Favorite Vegetable Varieties and Cultivation Tips

This section describes my favorite vegetable varieties and cultivation tips that work best for me.

Beans

Fresh beans are a summer treat.  I think pole beans taste better than bush beans.  Italian Romano pole beans are my favorite.  I grow them vertically on my home made pole bean towers. They also produce over a longer period of time. Bush beans were bred for machine harvest, which means a short plant that produces all at the same time.   That is fine for canning, but for regular meals over the course of the summer, pole beans are the best for home gardeners.

Growing pole beans on a support saves a lot of space.  Many vegetable gardeners make tepees to support their pole beans.  I think my design for a pole bean support is more stable, takes less space and once it is made, takes less time to put up each year.  One bean supports provides enough beans for a meal for our family of three every 3-4 days.

The down side of pole beans is that they take longer to start to produce.  I plant some bush beans in the spring to get my first crop until the pole beans start producing.

Romano Pole Bean

Romano Pole Bean

Beets

I’m not a huge lover of beets, but an occasional side dish of them is a treat.  There are two things I like about beets. They grow in cool weather and they store well.  I usually plant some early in the spring and again in mid- summer. The late crop is ready when most of the other crops have finished.  They will keep in the ground until it freezes.  If I have some left in the ground when it is about to freeze, I put a plastic bag full of leaves over them. That will give me a few more weeks to harvest them.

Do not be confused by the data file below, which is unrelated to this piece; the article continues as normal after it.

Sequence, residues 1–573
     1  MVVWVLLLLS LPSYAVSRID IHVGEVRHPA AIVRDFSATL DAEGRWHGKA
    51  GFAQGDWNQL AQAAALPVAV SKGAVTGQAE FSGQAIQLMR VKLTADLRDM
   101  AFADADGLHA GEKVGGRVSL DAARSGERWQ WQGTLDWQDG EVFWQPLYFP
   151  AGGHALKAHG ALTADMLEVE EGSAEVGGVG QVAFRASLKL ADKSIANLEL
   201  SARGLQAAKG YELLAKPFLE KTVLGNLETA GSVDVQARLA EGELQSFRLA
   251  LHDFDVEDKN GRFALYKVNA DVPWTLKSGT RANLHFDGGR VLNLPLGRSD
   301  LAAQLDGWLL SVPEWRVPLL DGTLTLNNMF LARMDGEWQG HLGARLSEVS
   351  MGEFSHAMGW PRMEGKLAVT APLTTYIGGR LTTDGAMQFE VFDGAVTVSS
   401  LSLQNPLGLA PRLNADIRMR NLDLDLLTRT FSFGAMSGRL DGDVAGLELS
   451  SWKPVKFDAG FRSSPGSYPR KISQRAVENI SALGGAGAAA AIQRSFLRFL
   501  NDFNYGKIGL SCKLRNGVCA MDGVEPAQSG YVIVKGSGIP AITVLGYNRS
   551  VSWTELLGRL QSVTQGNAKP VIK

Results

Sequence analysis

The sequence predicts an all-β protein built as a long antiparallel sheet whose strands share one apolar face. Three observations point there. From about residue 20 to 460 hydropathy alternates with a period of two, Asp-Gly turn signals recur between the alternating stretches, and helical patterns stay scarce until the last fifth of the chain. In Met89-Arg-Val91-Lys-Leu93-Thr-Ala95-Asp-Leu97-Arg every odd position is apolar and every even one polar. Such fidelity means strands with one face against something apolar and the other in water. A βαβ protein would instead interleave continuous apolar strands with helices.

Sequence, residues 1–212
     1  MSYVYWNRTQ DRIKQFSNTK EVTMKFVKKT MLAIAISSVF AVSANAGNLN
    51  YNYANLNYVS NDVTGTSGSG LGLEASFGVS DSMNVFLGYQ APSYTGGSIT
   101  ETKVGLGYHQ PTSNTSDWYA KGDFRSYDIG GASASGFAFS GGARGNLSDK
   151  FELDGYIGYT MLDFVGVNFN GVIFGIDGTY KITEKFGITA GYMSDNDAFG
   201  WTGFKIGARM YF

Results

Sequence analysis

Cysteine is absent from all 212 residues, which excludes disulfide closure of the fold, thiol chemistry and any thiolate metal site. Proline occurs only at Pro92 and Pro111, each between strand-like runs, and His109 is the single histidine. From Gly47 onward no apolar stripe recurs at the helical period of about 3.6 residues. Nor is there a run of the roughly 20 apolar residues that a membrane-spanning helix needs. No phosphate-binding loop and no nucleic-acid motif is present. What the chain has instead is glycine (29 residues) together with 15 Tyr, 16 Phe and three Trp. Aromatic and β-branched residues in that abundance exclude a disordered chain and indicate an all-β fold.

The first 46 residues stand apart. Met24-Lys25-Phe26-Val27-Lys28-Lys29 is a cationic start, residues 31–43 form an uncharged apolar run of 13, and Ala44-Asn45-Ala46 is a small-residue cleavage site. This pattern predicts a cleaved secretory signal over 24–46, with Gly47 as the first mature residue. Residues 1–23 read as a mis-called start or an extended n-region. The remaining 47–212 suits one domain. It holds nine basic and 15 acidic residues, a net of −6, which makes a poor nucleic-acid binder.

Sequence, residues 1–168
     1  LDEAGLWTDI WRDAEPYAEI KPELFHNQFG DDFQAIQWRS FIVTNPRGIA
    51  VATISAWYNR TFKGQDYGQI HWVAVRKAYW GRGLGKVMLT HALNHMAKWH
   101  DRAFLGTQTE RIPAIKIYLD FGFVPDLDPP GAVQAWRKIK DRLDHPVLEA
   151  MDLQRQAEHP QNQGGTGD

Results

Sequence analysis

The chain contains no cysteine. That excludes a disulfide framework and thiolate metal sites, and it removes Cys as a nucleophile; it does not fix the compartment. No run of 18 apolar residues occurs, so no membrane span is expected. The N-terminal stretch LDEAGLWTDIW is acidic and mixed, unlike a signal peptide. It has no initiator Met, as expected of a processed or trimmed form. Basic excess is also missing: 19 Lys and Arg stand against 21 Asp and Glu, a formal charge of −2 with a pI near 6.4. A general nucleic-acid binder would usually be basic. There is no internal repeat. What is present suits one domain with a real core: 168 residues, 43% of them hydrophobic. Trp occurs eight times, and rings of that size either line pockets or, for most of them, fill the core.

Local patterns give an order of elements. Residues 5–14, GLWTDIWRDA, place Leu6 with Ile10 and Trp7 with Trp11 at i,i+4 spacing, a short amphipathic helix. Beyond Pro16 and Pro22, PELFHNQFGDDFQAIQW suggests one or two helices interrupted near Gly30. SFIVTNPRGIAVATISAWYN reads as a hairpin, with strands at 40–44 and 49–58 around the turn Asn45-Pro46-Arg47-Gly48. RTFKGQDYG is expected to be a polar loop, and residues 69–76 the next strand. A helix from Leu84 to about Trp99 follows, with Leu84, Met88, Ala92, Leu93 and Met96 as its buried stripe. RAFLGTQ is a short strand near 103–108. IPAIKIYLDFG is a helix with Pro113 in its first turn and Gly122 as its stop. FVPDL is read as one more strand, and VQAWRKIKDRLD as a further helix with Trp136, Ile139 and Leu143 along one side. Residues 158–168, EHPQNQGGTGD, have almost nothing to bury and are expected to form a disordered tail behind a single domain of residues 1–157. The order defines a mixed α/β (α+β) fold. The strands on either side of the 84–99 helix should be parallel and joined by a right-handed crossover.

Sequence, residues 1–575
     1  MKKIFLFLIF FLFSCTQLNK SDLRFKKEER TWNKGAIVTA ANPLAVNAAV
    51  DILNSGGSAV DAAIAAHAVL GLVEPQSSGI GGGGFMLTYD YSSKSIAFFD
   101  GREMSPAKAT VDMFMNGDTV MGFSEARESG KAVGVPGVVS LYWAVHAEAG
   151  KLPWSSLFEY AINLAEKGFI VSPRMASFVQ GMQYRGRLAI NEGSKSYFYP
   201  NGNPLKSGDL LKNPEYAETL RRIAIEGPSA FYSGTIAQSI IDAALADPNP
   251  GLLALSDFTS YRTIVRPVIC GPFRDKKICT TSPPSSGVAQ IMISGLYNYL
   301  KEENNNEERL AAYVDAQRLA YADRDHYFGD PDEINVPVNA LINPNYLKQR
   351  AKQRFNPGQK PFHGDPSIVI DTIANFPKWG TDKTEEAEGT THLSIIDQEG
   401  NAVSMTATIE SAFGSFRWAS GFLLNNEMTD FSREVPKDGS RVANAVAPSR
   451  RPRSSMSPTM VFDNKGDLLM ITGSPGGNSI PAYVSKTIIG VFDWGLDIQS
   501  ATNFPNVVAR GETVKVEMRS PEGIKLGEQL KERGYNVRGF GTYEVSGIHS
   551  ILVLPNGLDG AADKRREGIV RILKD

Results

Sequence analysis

I don’t have a real favorite beet variety. I just buy whatever type is on sale.  Since I only grow enough for about 6-8 meals per year, I don’t use a full package of seeds in a year.  I save the unused seeds for the next year.

  

Corn

To be honest, with my 25’ X 30’ garden, growing corn really does not make a lot of sense.   Sweet corn is definitely my favorite vegetable, and the taste of fresh sweet corn can’t be beat, so I plant it anyway.  The variety I grow is Mirai®, from Twin Garden Farms.  It is very tender and sweet. Its claim to fame is that it keeps longer than probably any other super sweet variety.

Like the other super sweet varieties of corn, Mirai®,  needs to be sown when the soil is warm.  This actually works well for me.  I always seem to be short on time at normal corn planting time.   I usually plant it a couple of weeks later than normal corn planting time. The farmer’s market growers always try to get the early crops because the price is the best then. At the end of the season when the farmer’s market corn is past its prime, my garden’s corn is just perfect.  

Cucumbers